We also spotted harbor porpoises and common murres with chicks.


On our evening trip we found two humpbacks at Mile Rock.

One of the whales was the one we saw on the earlier trip.

The whales were showing flukes. A few times they approached our boat. 

Sightings Report: July 10, 2018

All sightings from San Francisco Whale Tours vessel Happy Days


On our first trip of the day we found a humpback whale just outside the Golden Gate Bridge. 

We saw several fluke dives from this whale as the tide pushed both of us in towards the bridge. 

We spotted another whale with an all-white fluke 500 yards west of where we were watching the first whale. We stayed with the first whale as it traveled under the bridge and over to Crissy Field.

There were tons of harbor seals and a lot of bird activity in the strait and under the bridge. 



We returned to the spot where we'd left the whale on our first trip, but were unable to relocate it. We continued out through the strait and all the way into the Pacific. Once we'd past Mile Rock we turned north, and when we were aligned with Point Bonita we turned east again to come down the north side of the Golden Gate Strait. A passenger saw the humpback spout near Baker Beach. 

We approached the whale, but it appeared to be travelling. It was spouting twice, followed by a fluke dive. It would reappear after 7-8 minutes a good distance west of its last location. 

There was a lot of harbor porpoise activity on this trip.

Sightings Report: July 5, 2018

All sightings from San Francisco Whale Tours vessel Kitty Kat. All photos in this post taken by SFWT photographer Leigh. 


On this trip we were able to locate a mother humpback with her calf in out in the shipping lane between buoys 3 and 4. 


3-4 large container ships passed by the whales while we were there. We made sure they had plenty of space while other vessels were present. 

The two were not fluking much, although we saw a few fluke dives from the calf. They were slowly heading west. 


We spotted another spout a little bit farther north. The whale started moving east towards the bridge, and we followed at a distance until we moved back towards port. 


On this trip a crew member spotted a breach at Mile Rock while we were still under the bridge. 


The humpback whale continued to breach, followed by several pectoral slaps. We also saw several fluke dives.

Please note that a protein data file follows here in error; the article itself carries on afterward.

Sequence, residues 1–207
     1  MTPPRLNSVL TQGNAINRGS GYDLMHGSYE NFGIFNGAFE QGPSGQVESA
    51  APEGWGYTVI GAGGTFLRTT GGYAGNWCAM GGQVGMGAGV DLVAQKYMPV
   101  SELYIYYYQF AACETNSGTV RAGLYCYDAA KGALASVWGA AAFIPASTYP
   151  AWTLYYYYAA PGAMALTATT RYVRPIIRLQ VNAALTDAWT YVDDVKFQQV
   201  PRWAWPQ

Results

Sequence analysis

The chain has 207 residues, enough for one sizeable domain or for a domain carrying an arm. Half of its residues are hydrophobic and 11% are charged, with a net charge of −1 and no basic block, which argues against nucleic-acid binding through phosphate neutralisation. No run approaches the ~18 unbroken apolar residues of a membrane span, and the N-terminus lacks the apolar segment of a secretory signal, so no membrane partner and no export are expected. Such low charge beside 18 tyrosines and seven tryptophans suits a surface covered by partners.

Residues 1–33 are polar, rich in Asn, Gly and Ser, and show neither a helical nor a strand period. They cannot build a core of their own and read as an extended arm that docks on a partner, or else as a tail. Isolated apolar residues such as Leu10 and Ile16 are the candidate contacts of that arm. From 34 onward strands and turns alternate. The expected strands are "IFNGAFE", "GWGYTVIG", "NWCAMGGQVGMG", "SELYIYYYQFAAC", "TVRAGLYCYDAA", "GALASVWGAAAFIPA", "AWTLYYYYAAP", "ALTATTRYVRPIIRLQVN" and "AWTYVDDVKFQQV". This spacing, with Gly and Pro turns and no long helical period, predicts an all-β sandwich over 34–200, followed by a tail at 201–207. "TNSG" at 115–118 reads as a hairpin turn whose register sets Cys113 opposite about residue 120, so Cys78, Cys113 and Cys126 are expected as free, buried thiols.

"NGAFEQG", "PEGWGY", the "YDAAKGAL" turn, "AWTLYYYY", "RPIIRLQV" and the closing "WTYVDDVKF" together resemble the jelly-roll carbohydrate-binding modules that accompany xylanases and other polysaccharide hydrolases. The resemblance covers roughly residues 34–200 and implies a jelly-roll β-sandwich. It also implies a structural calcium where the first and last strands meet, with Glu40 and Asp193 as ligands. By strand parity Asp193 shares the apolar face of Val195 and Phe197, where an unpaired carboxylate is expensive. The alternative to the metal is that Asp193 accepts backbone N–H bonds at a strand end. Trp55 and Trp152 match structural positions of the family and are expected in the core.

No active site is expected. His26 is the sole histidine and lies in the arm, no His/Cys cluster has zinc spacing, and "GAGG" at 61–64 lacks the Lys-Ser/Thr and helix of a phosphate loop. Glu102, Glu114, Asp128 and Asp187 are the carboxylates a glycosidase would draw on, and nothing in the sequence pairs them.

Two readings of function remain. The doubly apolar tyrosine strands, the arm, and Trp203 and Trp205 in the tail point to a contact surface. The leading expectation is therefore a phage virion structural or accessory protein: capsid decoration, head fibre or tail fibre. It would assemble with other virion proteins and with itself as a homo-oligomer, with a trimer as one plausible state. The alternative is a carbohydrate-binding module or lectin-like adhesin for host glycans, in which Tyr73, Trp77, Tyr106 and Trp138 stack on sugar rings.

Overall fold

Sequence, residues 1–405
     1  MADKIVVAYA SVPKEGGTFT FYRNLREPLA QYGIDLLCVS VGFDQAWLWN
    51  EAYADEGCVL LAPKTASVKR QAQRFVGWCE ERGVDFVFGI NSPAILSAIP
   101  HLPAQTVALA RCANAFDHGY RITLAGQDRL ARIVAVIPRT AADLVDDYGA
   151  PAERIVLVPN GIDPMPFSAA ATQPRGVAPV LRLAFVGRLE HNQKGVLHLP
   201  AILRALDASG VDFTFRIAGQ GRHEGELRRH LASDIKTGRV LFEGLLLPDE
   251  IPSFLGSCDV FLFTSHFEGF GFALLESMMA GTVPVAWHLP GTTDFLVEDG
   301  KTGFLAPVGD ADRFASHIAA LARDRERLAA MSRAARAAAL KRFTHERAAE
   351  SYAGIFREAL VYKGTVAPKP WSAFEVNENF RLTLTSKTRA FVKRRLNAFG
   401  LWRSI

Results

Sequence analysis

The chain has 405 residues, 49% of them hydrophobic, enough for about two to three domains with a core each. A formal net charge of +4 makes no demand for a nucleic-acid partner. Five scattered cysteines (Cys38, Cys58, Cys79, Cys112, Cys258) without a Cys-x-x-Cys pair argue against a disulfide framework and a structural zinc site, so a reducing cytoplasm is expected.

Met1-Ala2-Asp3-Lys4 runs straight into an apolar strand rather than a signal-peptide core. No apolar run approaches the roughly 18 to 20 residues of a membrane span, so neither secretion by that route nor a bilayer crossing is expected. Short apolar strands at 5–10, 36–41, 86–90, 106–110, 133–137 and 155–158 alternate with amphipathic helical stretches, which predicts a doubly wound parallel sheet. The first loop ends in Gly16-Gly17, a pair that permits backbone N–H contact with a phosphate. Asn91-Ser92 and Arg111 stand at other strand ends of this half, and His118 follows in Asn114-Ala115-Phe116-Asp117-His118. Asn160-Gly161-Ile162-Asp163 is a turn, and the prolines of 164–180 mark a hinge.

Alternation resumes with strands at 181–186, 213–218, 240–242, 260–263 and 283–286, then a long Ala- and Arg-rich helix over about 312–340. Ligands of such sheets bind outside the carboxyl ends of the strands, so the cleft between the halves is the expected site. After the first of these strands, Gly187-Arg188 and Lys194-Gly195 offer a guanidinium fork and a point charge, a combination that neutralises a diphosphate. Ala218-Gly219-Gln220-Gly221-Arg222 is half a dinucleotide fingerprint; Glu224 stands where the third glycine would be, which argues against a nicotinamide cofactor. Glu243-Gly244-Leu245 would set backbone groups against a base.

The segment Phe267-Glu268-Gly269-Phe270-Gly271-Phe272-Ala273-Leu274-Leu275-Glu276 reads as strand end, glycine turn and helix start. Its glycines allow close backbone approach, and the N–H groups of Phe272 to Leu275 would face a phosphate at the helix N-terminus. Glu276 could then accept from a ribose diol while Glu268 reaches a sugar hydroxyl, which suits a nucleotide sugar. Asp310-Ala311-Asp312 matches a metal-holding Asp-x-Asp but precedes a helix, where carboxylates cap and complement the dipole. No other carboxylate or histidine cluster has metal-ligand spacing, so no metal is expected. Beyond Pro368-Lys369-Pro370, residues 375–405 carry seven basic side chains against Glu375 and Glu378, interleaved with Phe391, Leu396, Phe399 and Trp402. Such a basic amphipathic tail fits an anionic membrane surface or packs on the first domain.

The whale slowly moved east, breaching and slapping continuously. 

A large container ship passed by us and the whale moved in to Kirby Cove, where we saw a breach in front of the Golden Gate Bridge. 


It then traveled all the way across to Fort Point and then back to the bridge. 


We also spotted lots of harbor porpoises near the end of the trip. 

Sightings Report: June 23, 2018

All sightings from San Francisco Whale Tours vessel Kitty Kat


We headed out through the Golden Gate Strait and found a humpback whale near Mile Rock. It was exhibiting feeding behaviors. We also saw murres with anchovies in their mouths in the area. 

The whale gave several big tail slaps. 

There were more whales in the area, with two more humpbacks near the northern shipping lane and another in Bonita Cove. 

We also had a gray whale in the area. It approached us and surfaced within 50 yards of the boat. It surfaced several times followed by a fluke dive. We noticed some big plumes of mud near the whale, indicating feeding. 

A few big container ships and a couple of smaller fishing boats passed by us. We also noticed the group of juvenile Brandt's cormorants off of Mile Rock. 


We headed back out for our final trip of the day. We first found a gray whale in the middle of the strait. We watched it for a few minutes as it seemed to head west. 


We had three more spouts in the area, indicating a humpback near Baker Beach, one near Mile Rock, and one near Point Bonita. 

We positioned ourselves between Mile Rock and Baker Beach and floated in neutral. The tide pushed us down towards the whale, and the most eastern humpback surfaced on our starboard side 100 yards from our vessel. 

The humpback swam around our bow to the port side, then started tail slapping repeatedly. 

Both of us slowly got pushed in. We were watching the whale fluking in the strait as we sat underneath the Golden Gate Bridge.

At one point we moved out of the way for a large container ship.

There was a lot of bird and harbor seal activity in the area as well.

All sightings were reported to Vessel Traffic.